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Volume 84 Issue 40 | p. 6 | Letters
Issue Date: October 2, 2006

Mixing it up

Department: Letters

The article about integrating multiple fields into a cohesively presented science course was quite interesting (C&EN, July 17, page 43). While I congratulate Harvard, Columbia, and Princeton Universities, other institutions are also taking much the same tack.

At Purdue University, we have developed an integrated science course that blends organic chemistry, biology, biochemistry, and physics at the sophomore level. We also go a step further in developing an entire curriculum around this model. Many recognize that the engineer of tomorrow must be able thrive in a highly interdisciplinary environment such as those espoused in "Engineer 2020."

With this in mind, Purdue has developed the multidisciplinary engineering program where many of the classes are taught in the manner of the Integrated Science course. For example, I help teach a class called "Manufacturing and Assembly" that blends risk analysis, economics, statistical control, life-cycle analysis, thermodynamics, and other topics. In every assignment, students are required to provide a recommendation on a product or process as if he or she were justifying it to a customer or boss. Another class, "Physical Properties in Engineering Systems," blends statics and dynamics with properties beyond just mechanical ones to provide cohesiveness across tensor-based properties such as modulus and dielectric constant.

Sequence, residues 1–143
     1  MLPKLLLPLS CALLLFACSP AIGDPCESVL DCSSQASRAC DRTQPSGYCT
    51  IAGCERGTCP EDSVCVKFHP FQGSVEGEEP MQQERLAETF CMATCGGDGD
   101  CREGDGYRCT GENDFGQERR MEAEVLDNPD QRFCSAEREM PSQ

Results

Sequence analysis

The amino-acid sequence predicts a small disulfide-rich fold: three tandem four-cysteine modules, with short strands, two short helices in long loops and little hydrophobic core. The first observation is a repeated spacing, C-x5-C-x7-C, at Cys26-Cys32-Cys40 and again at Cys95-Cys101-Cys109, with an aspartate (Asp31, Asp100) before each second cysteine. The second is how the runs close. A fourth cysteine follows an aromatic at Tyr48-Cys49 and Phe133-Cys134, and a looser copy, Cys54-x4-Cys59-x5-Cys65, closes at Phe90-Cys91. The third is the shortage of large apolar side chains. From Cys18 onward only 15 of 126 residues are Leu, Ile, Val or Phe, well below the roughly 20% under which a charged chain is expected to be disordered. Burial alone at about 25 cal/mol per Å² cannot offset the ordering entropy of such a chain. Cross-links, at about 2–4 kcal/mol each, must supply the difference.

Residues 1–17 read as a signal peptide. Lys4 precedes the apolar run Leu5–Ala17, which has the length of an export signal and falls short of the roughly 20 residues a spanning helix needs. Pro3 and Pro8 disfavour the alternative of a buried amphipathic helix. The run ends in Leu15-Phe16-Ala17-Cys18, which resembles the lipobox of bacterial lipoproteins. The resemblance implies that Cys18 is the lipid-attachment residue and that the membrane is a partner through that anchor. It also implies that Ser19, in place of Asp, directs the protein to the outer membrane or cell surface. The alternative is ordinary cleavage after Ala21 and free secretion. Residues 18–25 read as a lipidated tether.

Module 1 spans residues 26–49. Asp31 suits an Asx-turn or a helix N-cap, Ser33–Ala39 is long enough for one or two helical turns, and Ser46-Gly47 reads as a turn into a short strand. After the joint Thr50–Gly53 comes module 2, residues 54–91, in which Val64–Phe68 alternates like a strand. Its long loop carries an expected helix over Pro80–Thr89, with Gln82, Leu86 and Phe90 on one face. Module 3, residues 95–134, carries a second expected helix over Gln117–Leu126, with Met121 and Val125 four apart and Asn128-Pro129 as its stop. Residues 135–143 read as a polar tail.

All of these classes have a commitment not only to give students the knowledge to make decisions, but to strive to teach them to make connections between fields, give them the skills needed to work on multidisciplinary teams, and most important, train them to make good decisions based on all relevant data. The point is that many in science and engineering see that in today's global workforce, compartmentalizing education may not be the best teaching method for every student's career goals. As the American worker no longer has a labor advantage and is rapidly losing the educational and technological advantage, teaching workers of tomorrow to make better decisions to ensure profitability becomes even more important.

Jeffrey P. Youngblood
West Lafayette, Ind.

 

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